FAIRFAX, US - Virginians cast ballots Tuesday in a closely-watched race for governor that has national ramifications as a test for the Republican Party and the divisive campaign style of unpopular President Donald Trump.

It is the most consequential US election of the year, although voters in New Jersey are also choosing a new governor, and several cities and states are electing mayors and local lawmakers.

The gubernatorial races in particular are seen as bellwethers of sentiment one year after Trump's shock victory, and ahead of next November's congressional elections.

A win in battleground Virginia by Democratic Lieutenant Governor Ralph Northam would signal voter rejection of Trump's economic policies and his scorched-earth 2016 campaign, whose polarizing tactics have darkened his presidency.

It would also energize the Democratic Party - currently plagued by infighting - ahead of the 2018 mid-terms, and show Republicans that coddling the controversial Trump comes at a price.

Virginia voted twice for former president Barack Obama, and Hillary Clinton carried the state in last year's presidential election that Trump won. But with polls showing Northam narrowly ahead, Virginia's race could go either way.

Clinton hoped Democratic voters were leaving nothing to chance. "Consider this my personal ask/nudge/plea for you to go to the polls and VOTE," she tweeted Tuesday.

A victory for Republican challenger Ed Gillespie would likely validate Trump's aggressive style.

Gillespie pledged to be "a governor for all Virginians" at his final campaign stop Monday, when about 100 people crammed into a Republican Party office basement in Fairfax. But shortly before Gillespie spoke, it was campaign manager Pete Snyder who acknowledged the race was more than a sideshow.

"The eyes of the nation are on Virginia," Snyder said. "Everyone is watching."

That includes Trump himself, who tweeted his support for Gillespie for a second straight day Tuesday and highlighted the hot-button social issues that he hopes will bring his base out to the polls.

"Ralph Northam will allow crime to be rampant in Virginia. He's weak on crime, weak on our GREAT VETS, Anti-Second Amendment... and has been horrible on Virginia economy," Trump posted on Twitter.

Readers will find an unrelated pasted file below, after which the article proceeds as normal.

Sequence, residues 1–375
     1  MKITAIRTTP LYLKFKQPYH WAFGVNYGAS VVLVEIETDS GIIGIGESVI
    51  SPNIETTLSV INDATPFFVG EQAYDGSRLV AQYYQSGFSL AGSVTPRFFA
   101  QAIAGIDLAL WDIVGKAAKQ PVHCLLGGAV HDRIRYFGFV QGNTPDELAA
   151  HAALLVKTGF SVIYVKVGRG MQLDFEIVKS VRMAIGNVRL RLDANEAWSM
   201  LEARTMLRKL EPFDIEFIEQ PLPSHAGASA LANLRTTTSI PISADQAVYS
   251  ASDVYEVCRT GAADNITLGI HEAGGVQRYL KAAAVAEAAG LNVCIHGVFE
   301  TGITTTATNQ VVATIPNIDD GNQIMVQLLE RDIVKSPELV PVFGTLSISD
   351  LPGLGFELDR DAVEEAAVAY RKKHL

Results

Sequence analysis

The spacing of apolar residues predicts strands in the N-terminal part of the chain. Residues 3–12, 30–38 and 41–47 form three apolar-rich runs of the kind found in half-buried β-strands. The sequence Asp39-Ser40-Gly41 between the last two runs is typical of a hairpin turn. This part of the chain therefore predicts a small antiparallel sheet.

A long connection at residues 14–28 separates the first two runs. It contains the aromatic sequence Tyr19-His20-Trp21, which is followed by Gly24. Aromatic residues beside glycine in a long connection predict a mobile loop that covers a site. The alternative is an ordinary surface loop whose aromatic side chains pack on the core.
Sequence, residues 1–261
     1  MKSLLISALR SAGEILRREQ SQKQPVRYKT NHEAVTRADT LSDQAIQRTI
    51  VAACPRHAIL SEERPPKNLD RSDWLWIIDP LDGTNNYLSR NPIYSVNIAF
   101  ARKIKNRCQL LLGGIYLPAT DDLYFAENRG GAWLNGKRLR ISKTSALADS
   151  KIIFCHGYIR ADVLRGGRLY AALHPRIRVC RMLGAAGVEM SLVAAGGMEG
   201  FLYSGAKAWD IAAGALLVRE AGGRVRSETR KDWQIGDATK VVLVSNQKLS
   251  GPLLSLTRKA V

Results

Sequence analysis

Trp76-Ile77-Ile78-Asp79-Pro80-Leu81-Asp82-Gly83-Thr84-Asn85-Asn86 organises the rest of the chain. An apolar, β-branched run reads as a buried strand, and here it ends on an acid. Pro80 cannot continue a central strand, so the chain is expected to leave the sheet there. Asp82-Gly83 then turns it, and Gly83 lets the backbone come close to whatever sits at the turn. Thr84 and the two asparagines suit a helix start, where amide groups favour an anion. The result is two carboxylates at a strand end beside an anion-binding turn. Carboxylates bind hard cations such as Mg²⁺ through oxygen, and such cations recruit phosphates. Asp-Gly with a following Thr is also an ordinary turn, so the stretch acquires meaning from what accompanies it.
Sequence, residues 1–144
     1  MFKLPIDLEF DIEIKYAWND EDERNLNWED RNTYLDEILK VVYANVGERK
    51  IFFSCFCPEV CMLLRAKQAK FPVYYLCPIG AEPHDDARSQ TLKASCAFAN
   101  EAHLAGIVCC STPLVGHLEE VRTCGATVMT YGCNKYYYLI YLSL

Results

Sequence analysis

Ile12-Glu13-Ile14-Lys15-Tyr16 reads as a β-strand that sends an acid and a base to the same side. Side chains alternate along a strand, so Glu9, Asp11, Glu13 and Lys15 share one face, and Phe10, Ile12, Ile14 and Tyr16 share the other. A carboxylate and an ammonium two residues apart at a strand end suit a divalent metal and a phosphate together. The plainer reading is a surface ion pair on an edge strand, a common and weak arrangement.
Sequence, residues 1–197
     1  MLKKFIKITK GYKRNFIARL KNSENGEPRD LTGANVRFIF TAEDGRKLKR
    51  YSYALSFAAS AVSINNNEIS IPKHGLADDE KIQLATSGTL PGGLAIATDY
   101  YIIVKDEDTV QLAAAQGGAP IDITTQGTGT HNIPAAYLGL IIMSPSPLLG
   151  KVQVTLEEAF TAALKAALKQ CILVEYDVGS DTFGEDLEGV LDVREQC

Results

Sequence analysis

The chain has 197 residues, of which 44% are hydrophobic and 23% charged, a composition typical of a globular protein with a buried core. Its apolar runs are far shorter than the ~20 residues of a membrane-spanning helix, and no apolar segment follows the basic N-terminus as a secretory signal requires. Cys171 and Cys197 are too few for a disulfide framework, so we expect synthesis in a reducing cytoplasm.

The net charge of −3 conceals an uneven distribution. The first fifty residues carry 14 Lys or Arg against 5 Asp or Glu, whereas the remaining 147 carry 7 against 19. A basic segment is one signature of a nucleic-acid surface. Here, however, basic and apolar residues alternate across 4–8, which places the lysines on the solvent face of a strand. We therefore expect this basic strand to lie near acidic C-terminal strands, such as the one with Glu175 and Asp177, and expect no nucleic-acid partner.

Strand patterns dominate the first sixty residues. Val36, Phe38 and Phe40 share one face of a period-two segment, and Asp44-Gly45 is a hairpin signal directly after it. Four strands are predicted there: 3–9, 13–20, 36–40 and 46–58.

Trump has not campaigned with Gillespie, but the candidate's many campaign ads, which have fueled the debate on race, guns, illegal immigration and the fate of Confederate statues, signal clear alignment with the president.

"It's Donald Trump on steroids," current Democratic Governor Terry McAuliffe told WQRX radio.

Gillespie, a former Republican Party chief, exudes establishment politics. But the 56-year-old is looking to harness Trump's populist nationalism in a place where an increasingly diverse electorate is making it tougher for Republicans to win state-wide contests.

"I appreciate his support very much and I know it'll help me be an effective governor for us," Gillespie said of Trump, at a voting station in Alexandria in the Democratic stronghold of northern Virginia. "I feel good about the momentum we have as we close out this election."

What happens in Virginia's political petri dish could impact Republican strategies nationwide come 2020, the next presidential campaign.

Gillespie has accused Northam, 58, of failing to curb gang violence, making it easier for sex offenders to purchase guns, and seeking to tear down statues honoring Civil War pro-slavery Confederate secessionists.

Northern Virginia, which borders Washington, hosts a thriving economy with thousands of federal employees and a robust technology sector. Aside from the capital Richmond and eastern counties, the rest of the state is largely conservative.

Trump's base consists of white voters without college degrees, but Virginia is well-educated.

If Trump does not prove a drag on Virginia voters, it would demonstrate his power to draw Americans to polls despite poor approval numbers.

Gillespie first must overcome the likes of 81-year-old Barton, a retired psychiatrist who did not give his last name, and told AFP he would vote against Trump "any chance I have."

"He gives me nightmares," Barton added.